Cyclist Magazine Issue #25$4.95
As part of our job here at Cyclist, we spend a lot of time scouring Australia – and the globe – for great places to ride. Sadly, this rarely (okay, never) involves a private jet and a series of five-star hotels. It means hours on Google Maps, dutifully flicking between Street and Map Views, scanning road systems for the tell-tale curves that might reveal a previously undiscovered climb, or clicking our way down tiny lanes to see if they go somewhere cool. Not that we’re complaining. As bike nerds, we find the whole process pretty fun. Give it a go with our Big Rides from this issue: Canberra’s Centenary Trail twists and turns around the capital on Map View, or hop on Street View to follow the tarmac towards Mallorca’s Cap de Fomentor. You’ll even spot a couple of cyclists along the way (we checked, it isn’t us).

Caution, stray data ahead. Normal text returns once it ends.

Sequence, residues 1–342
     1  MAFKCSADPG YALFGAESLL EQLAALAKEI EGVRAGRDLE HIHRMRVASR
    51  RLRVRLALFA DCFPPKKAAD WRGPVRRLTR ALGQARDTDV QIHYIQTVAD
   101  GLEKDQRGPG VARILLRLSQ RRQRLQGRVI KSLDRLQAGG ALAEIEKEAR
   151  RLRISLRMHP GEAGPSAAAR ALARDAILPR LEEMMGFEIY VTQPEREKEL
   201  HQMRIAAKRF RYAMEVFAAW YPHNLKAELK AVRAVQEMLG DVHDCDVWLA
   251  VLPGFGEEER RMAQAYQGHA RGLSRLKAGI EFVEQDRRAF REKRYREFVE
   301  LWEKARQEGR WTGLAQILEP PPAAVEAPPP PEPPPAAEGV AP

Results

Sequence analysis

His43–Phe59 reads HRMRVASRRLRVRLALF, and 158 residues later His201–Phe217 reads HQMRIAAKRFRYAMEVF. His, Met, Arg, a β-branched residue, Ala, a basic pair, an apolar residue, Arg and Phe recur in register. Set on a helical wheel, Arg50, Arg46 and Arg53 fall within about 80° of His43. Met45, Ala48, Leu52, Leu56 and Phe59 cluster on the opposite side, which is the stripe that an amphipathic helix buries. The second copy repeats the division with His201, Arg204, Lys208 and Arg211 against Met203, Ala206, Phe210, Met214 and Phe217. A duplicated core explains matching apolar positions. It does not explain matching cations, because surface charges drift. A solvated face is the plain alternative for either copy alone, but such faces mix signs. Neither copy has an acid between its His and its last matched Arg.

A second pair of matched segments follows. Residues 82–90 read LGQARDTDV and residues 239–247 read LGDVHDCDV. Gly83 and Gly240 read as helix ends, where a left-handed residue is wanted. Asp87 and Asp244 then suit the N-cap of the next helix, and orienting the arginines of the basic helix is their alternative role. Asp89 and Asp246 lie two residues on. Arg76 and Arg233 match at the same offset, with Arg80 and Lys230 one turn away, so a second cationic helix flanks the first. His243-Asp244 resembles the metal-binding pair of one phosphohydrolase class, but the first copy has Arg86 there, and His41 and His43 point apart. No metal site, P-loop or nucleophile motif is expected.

What we couldn’t follow on Google Maps was the Tour Down Under. Run and won by a first-timer in the form of Richie Porte, the BMC leader skipped the Nationals to give himself time to prepare for Adelaide. It worked. Having missed the TDU’s top step in 2015 and 2016, Porte took no prisoners during the decisive Paracombe and Willunga stages, winning both. His victory atop Willunga was his fourth in a row, a feat unlikely to be matched or beaten anytime soon. Such form reaffirms BMC’s decision to name him as sole leader at this year’s Tour de France.
In the sprints, it was pocket rocket Caleb Ewan (Orica-Scott) who dominated all – including Peter Sagan. Sagan made his second appearance at the opening WorldTour race, this time resplendent in World Championship colours. The calm and warm Slovak made time for his fans, the media and everyone else who wanted a piece of cycling’s biggest star. Before, during and after every stage, Sagan ensured he’ll forever have a place in the hearts of the Aussie fans who met him. Cheers Peter.